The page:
What determines the frequency domain properties of a stochastic process? How much risk comes from high frequencies, business cycle frequencies or low frequency swings? If these properties are under the influence of an agent, who is compensated by a principal according to the distribution of risk across frequencies, then the nature of this contracting problem will affect the spectral properties of the endogenous outcome. We imagine two thought experiments: in the first, the principal (or `regulator’) is myopic with regard to certain frequencies – he is characterized by a filter – and the agent (`bank’) chooses to hide risk by shifting power from frequencies to which the regulator is attuned to those to which he is not. Thus, the regulator is fooled into thinking there has been an overall reduction in risk when, in fact, there has simply been a frequency shift. In the second thought experiment, the regulator is not myopic, but simply cares more about risk from certain frequencies, perhaps due to the preferences of the constituents he represents or because certain types of market incompleteness make certain frequencies of risk more damaging. We model this intuition by positing a filter design problem for the agent and also by a particular type of portfolio selection problem, in which the agent chooses among investment projects with different spectral properties. We discuss implications of these models for macroprudential policy and regulatory arbitrage.
Doubts and Variability: A Robust Perspective on Exotic Consumption Series

2013-28 | With Smith | September 2015

abstract (+)
Consumption-based asset-pricing models have experienced success in recent years by augmenting the consumption process in ‘exotic’ ways. Two notable examples are the Long-Run Risk and rare disaster frameworks. Such models are difficult to characterize from consumption data alone. Accordingly, concerns have been raised regarding their specification. Acknowledging that both phenomena are naturally subject to ambiguity, we show that an ambiguity-averse agent may behave as if Long-Run Risk and disasters exist even if they do not or exaggerate them if they do. Consequently, prices may be misleading in characterizing these phenomena since they encode a pessimistic perspective of the data-generating process.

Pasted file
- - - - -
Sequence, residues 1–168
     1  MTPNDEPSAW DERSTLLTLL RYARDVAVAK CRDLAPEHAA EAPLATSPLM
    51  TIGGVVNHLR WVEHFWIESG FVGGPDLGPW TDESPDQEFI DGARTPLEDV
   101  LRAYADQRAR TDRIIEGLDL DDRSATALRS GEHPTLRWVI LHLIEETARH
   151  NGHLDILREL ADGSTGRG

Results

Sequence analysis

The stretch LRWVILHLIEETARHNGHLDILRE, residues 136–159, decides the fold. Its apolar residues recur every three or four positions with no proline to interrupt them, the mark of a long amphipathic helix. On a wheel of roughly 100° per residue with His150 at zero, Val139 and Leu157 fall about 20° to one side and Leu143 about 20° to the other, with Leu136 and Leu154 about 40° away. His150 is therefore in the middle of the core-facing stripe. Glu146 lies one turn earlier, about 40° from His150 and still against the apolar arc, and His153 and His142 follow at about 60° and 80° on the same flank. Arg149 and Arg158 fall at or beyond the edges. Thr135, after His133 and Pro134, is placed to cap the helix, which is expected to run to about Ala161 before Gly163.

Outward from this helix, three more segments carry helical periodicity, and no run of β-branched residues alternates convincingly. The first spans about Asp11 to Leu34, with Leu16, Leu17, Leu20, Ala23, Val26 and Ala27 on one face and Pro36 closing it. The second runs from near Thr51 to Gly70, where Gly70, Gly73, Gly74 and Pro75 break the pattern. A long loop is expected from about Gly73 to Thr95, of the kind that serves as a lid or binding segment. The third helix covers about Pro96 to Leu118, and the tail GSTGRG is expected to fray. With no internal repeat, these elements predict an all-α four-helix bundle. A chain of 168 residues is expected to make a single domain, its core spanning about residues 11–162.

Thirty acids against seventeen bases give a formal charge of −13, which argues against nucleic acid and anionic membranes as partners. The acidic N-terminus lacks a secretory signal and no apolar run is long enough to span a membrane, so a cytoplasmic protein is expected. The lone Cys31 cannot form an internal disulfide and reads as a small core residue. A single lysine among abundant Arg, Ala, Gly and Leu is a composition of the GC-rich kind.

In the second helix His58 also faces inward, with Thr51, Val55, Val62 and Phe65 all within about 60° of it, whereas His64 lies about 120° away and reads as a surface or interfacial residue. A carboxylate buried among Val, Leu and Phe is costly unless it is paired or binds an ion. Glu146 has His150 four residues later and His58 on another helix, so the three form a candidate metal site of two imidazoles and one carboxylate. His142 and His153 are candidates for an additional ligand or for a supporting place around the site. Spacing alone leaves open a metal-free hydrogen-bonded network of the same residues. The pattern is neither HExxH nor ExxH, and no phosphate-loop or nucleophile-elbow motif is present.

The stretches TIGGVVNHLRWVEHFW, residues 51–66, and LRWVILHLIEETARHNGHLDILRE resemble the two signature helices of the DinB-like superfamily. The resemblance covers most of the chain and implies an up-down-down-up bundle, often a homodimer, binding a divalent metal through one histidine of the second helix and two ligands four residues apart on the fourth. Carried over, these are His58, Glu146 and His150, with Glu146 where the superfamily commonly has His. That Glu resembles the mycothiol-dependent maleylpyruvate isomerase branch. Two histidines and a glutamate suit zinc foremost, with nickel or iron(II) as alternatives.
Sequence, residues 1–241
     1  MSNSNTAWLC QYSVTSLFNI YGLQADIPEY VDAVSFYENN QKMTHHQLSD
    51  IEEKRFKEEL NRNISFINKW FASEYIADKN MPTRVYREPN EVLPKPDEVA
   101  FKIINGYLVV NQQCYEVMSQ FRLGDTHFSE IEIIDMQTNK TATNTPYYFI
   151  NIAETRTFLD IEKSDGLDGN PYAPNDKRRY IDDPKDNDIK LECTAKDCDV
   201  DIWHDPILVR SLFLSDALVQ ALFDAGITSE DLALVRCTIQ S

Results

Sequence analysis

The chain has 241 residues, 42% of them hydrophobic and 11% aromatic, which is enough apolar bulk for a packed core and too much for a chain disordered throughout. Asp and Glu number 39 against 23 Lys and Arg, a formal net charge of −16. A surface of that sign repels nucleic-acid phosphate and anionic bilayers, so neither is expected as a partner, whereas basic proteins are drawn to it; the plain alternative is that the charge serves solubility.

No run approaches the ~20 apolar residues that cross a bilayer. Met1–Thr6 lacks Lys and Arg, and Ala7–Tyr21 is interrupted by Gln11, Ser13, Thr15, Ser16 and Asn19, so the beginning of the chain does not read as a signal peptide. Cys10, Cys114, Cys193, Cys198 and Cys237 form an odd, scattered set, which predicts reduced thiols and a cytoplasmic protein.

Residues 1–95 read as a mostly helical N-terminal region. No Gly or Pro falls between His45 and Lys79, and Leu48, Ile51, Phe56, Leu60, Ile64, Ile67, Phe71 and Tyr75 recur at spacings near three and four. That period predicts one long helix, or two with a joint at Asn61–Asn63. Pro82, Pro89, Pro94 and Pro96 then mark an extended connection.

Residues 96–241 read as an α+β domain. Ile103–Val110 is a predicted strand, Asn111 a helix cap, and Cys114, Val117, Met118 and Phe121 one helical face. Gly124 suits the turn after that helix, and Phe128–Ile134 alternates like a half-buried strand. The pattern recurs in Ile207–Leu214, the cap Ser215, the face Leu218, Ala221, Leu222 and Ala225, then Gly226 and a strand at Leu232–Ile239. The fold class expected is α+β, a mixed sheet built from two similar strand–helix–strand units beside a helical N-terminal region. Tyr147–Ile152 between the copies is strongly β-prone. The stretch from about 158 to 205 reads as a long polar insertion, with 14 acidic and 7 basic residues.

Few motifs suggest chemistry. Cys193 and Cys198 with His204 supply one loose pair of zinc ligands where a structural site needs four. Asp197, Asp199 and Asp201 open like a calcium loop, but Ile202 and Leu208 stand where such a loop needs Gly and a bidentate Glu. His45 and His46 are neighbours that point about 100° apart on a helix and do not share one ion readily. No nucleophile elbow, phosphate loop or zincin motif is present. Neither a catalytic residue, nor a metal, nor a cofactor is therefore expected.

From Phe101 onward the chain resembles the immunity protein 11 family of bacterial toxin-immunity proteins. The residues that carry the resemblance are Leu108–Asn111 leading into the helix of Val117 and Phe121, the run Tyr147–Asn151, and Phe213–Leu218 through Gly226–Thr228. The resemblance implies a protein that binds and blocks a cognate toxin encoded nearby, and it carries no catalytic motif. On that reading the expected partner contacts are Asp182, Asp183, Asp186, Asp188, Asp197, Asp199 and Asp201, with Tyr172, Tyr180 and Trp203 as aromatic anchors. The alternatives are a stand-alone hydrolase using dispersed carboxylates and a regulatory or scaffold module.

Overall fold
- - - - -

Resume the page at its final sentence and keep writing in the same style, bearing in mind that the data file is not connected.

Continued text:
Published Articles (Refereed Journals and Volumes)
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Long-Run Risk Is the Worst-Case Scenario

American Economic Review 106 (9), September 2016, 2494-2527 | With Dew-Becker

abstract (+)
We study an investor who is unsure of the dynamics of the economy. Not only are parameters unknown, but the investor does not even know what order model to estimate. She estimates her consumption process nonparametrically–allowing potentially infinite-order dynamics–and prices assets using a pessimistic model that minimizes lifetime utility subject to a constraint on statistical plausibility. The equilibrium is exactly solvable and the pricing model always includes long-run risks. With risk aversion of 4.7, the model matches major facts about asset prices, consumption, and dividends. The paper provides a novel link between ambiguity aversion and nonparametric estimation.
Robust Animal Spirits

Journal of Monetary Economics 59(8), December 2012, 738-750 | With Smith

abstract (+)
In a real business cycle model, an agent’s fear of model misspecification interacts with stochastic volatility to induce time varying worst case scenarios. These time varying worst case scenarios capture a notion of animal spirits where the probability distributions used to evaluate decision rules and price assets do not necessarily reflect the fundamental characteristics of the economy. Households entertain a pessimistic view of the world and their pessimism varies with the overall level of volatility in the economy, implying an amplification of the effects of volatility shocks. By using perturbation methods and Monte Carlo techniques we extend the class of models analyzed with robust control methods to include the sort of nonlinear production-based DSGE models that are popular in academic research and policymaking practice.
FRBSF Publications